Proceedings of the Standing Senate Committee on
Banking, Trade and Commerce

Issue No. 11 - Evidence - December 2, 2016

OTTAWA, Friday, December 2, 2016

The Standing Senate Committee on Banking, Trade and Commerce, to which was referred Bill S-4, An Act to implement a Convention and an Arrangement for the avoidance of double taxation and the prevention of fiscal evasion with respect to taxes on income and to amend an Act in respect of a similar Agreement, met this day at 8:59 a.m. to give consideration to the bill.

Senator Joseph Day (Deputy Chair) in the chair.


The Deputy Chair: Good morning. My name is Joseph Day and I am the deputy chair of this committee, filling in for Senator David Tkachuk, from Saskatchewan, who regretfully is unable to be here today.

Today we are here to examine Bill S-4, An Act to implement a Convention and an Arrangement for the avoidance of double taxation and the prevention of fiscal evasion with respect to taxes on income and to amend an Act in respect of a similar Agreement already in existence.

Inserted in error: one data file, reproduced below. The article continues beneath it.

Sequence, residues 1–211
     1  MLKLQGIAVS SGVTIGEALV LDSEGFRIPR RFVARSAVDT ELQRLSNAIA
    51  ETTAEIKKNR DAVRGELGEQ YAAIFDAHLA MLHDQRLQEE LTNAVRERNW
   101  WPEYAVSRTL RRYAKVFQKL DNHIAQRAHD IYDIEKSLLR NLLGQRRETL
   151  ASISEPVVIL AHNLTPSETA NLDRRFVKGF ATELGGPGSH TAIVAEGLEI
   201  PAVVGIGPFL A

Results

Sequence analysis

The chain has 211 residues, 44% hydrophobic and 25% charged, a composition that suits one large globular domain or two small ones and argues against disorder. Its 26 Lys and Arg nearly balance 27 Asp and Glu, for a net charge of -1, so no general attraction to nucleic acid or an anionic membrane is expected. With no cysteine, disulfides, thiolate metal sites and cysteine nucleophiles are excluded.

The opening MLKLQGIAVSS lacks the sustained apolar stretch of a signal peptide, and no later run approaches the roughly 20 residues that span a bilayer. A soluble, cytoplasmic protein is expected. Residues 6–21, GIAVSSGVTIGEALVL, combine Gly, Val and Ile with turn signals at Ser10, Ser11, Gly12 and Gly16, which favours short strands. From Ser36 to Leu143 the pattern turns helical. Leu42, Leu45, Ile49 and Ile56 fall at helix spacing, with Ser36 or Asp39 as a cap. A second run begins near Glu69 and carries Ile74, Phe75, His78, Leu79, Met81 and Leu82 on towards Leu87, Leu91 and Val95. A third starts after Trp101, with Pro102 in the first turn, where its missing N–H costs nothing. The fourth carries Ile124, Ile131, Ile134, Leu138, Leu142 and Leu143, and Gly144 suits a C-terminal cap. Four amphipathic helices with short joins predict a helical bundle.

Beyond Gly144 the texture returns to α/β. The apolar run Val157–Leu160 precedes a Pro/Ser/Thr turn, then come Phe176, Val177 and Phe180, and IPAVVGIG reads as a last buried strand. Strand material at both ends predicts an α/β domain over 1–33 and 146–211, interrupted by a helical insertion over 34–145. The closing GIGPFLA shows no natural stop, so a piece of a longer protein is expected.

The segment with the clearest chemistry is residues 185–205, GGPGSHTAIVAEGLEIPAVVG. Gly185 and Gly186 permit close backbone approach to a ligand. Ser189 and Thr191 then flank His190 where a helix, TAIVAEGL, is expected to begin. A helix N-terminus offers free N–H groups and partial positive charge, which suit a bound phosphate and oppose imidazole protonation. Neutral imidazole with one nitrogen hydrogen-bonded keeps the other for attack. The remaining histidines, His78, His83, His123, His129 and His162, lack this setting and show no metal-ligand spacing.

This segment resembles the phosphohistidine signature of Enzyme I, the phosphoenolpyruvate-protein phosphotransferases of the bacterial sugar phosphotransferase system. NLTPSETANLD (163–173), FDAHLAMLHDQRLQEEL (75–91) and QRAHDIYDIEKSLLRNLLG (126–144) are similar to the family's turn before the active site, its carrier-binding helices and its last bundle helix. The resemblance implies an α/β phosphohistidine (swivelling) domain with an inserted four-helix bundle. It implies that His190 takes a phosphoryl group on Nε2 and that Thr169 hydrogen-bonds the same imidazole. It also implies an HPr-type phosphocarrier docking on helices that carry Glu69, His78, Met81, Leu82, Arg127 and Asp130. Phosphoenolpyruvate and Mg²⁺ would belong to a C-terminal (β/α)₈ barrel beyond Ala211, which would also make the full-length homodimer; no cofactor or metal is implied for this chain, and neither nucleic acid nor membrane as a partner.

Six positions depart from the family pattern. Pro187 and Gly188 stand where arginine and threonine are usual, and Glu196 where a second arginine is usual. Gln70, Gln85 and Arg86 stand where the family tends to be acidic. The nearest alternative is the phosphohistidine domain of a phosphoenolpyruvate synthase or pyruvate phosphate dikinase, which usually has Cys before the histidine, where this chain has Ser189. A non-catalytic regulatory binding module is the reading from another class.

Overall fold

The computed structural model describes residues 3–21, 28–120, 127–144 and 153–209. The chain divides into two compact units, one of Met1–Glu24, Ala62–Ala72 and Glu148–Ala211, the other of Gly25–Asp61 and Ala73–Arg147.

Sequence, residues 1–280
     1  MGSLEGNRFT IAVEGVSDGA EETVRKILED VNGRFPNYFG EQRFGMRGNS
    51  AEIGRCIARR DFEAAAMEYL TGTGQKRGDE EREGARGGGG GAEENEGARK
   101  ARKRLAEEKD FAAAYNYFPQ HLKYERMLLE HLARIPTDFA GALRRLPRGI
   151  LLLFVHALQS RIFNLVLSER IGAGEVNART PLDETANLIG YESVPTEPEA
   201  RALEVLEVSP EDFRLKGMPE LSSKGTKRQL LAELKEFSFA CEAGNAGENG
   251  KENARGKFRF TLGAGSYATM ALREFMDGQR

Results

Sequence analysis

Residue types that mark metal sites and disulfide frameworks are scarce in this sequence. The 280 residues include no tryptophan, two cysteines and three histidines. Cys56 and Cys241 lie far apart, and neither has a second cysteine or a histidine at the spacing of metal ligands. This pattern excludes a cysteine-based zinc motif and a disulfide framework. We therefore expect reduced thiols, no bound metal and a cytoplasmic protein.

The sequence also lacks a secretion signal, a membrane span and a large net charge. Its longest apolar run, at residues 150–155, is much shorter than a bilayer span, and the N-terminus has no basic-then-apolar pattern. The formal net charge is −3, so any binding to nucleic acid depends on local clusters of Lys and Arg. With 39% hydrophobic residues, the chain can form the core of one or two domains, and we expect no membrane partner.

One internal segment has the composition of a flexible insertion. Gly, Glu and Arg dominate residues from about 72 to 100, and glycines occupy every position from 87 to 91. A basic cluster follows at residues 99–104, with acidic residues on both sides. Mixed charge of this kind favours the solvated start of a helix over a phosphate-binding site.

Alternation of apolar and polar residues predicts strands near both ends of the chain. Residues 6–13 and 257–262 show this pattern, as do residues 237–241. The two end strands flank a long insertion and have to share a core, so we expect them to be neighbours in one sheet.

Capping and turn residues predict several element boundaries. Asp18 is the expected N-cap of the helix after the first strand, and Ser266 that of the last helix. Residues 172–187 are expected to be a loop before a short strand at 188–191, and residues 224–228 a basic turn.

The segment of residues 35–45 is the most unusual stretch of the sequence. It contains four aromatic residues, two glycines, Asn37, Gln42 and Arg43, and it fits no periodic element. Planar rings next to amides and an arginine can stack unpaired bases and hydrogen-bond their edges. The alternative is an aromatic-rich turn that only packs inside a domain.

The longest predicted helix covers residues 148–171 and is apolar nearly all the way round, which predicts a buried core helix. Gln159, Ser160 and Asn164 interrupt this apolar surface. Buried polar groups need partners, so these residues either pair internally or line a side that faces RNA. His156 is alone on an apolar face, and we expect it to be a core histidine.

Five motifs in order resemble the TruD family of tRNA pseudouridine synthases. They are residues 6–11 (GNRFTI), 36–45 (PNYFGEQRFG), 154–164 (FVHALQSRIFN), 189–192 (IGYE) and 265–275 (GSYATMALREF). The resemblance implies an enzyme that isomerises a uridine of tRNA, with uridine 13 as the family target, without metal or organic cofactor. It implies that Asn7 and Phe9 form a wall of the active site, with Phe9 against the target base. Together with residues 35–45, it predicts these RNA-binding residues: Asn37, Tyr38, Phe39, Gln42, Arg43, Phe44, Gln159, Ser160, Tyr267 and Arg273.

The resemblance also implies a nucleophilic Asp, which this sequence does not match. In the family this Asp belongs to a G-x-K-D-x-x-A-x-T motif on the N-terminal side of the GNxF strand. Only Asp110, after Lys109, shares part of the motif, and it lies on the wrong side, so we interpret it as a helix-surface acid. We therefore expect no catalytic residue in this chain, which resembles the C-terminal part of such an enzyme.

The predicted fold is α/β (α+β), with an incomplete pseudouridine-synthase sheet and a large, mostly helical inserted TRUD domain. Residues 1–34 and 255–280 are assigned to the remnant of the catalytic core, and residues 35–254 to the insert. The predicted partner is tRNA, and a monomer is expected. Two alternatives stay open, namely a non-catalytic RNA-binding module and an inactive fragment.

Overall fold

Although in practice most government bills are introduced in the House of Commons, government bills may be introduced in the Senate, and this is one of those exceptions. The bill was read a first time in the Senate by the Government Representative in the Senate on November 1, 2016.

Senators, we have received the clause-by-clause briefing binder supplied by the department, as well as a copy of the bill, the legislative summary and a briefing note from analysts at the Library of Parliament. If you are missing any of these materials today, we have some extra copies here for you. Please signal the clerk, which some of you have already done, and make sure that you have all the proper documents.

It gives me great pleasure to welcome the Honourable François-Philippe Champagne, Parliamentary Secretary to the Minister of Finance.


Mr. Champagne was elected Member of Parliament for Saint-Maurice-Champlain on October 19, 2015. He was appointed Parliamentary Secretary to the Minister of Finance on December 3, 2015. Thank you for joining us.


Mr. Champagne, you can introduce your colleagues who have accompanied you, and then please proceed with your presentation, and we'll follow that with a question-and-answer period.

Hon. François-Philippe Champagne, Parliamentary Secretary to the Minister of Finance: Thank you, chair, honourable senators.


I'm joined this morning by Brian Ernewein, General Director, Tax Policy Branch; and Stephanie Smith, Senior Chief, Tax Legislation Division, Tax Policy Branch. They will help me answer your questions. I will introduce the topic on the agenda in a short statement. I will then be happy to answer the senators' questions.